Experts say President Trump looks to name Ginsburg's Supreme Court successor with "unprecedented" speed
With Justice Ruth Bader Ginsburg's passing so close to the November
election, comes the political battle to fill her seat on the Supreme Court.
By all accounts, Ginsburg lived a remarkable legal and personal life, serving
nearly three decades on the bench, championing causes for gay rights, and
racial and gender equality.
Typically, it takes several months to vet and hold hearings on a Supreme
Court nominee, and time is
short ahead of the election.
"Now, we're talking about 46 days before the election, and this is
unprecedented. They've never had a Supreme Court justice nominee come through
in less than 70 days," says attorney Michael Mosberg.
Ginsburg led the court's
liberal wing, which held a five-to-four conservative majority before her death
from pancreatic cancer on Friday.
Her death instantly affected
the nation's politics in the midst of an already bitter presidential campaign.
Professor Bennett Gershman, of
Pace University, says, "The country is already polarized and divided, and now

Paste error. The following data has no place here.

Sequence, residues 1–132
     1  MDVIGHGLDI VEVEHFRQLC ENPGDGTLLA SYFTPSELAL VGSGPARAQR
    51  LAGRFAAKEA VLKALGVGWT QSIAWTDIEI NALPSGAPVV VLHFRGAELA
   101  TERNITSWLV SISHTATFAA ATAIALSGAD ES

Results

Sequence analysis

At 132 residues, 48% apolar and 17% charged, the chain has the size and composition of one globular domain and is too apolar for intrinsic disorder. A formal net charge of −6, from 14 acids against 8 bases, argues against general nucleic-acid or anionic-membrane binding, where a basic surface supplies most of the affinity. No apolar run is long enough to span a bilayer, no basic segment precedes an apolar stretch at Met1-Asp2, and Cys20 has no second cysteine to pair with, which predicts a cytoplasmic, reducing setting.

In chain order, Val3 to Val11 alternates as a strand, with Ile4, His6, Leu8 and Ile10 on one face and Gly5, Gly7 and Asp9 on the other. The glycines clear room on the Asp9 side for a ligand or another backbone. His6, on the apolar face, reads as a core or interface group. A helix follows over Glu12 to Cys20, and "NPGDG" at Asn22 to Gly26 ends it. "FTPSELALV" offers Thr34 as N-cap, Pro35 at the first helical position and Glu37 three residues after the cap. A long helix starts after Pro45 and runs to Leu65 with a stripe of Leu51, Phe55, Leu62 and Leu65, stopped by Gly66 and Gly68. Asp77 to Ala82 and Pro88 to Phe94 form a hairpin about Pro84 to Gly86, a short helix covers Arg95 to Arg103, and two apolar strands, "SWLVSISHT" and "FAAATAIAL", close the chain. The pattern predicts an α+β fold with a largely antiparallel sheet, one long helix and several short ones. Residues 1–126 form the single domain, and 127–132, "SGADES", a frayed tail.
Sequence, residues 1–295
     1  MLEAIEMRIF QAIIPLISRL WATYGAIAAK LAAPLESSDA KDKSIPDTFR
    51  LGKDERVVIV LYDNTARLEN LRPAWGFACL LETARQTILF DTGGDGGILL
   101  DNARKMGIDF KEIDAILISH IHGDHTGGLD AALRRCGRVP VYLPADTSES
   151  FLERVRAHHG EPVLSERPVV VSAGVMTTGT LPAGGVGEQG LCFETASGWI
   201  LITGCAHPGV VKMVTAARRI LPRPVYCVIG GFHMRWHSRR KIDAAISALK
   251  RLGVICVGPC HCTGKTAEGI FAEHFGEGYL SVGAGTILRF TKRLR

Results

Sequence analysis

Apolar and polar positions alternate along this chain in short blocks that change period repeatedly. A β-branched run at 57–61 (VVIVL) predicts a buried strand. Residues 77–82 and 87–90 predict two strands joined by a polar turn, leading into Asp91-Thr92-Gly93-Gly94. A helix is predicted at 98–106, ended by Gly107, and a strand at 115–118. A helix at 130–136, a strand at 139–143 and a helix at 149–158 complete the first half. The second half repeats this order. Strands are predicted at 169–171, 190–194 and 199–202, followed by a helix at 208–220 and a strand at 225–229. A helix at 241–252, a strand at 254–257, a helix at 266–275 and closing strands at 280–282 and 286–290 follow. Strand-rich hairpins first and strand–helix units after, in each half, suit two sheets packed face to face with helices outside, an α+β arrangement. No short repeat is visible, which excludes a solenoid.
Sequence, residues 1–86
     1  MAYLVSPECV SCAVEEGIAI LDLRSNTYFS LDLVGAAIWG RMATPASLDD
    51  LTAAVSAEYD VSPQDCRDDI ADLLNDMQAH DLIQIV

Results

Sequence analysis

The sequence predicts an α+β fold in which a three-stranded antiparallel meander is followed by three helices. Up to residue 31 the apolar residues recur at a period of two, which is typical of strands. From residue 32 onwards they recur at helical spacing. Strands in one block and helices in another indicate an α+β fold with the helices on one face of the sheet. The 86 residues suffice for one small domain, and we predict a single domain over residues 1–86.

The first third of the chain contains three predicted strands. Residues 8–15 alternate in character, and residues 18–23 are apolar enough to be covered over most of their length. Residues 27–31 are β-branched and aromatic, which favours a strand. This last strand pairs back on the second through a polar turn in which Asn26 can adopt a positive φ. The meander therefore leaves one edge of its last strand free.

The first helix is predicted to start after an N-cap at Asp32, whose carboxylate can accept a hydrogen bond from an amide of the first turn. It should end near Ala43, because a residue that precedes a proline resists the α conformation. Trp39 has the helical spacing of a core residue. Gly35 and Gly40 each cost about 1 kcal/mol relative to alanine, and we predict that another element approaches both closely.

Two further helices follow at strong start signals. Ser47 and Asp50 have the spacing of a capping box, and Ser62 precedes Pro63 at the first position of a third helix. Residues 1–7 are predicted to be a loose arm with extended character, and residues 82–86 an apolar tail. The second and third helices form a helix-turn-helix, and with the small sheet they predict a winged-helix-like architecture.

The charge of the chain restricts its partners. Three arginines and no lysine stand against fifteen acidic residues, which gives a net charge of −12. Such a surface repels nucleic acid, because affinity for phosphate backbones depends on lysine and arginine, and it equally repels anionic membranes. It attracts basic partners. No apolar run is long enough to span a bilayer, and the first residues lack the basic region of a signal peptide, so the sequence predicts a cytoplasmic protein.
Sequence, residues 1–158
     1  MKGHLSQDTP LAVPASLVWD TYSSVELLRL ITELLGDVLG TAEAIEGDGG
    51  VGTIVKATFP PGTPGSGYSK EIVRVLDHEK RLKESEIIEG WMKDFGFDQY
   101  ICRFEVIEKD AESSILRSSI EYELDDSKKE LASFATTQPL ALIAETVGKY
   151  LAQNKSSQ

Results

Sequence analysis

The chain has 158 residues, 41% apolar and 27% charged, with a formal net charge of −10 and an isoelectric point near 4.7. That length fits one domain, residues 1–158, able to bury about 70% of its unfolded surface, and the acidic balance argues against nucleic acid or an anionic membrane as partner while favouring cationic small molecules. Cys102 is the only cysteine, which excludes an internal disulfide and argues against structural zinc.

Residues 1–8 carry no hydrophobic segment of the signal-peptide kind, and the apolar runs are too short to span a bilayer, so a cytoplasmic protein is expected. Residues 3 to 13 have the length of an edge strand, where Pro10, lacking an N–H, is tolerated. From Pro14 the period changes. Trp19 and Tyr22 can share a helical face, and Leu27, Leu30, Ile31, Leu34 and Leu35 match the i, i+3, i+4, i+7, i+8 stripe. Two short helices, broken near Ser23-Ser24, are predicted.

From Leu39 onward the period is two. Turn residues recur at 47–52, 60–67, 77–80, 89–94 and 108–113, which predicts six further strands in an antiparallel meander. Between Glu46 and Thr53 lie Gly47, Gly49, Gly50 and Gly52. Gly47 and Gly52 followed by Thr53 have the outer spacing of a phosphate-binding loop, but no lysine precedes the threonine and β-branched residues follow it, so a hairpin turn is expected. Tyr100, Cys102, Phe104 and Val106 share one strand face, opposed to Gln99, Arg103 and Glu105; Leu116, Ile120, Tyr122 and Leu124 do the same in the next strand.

with this nomination to the Supreme Court, its gonna get worse."
President Donald Trump now
has the chance to try to appoint a third member of his choosing, to the high
"Republicans in the
Senate run the show and they have the power to nominate and confirm somebody to
the Supreme Court, and there's nothing that Democrats can do about it,"
The president meanwhile
promises to move "without delay" on naming Ginsburg's successor,
despite senate Democrats' wanting to wait, to delay a confirmation until after
Gershman says, "We're gonna have to wait and see
how this thing plays out, but it's gonna be ugly."
A White House advisor says
the plan is to announce a SCOTUS pick before the first presidential debate, which
is set for Sept. 29.
A Trump nominee would give conservatives a more dominant six to three
majority in the U.S. Supreme Court.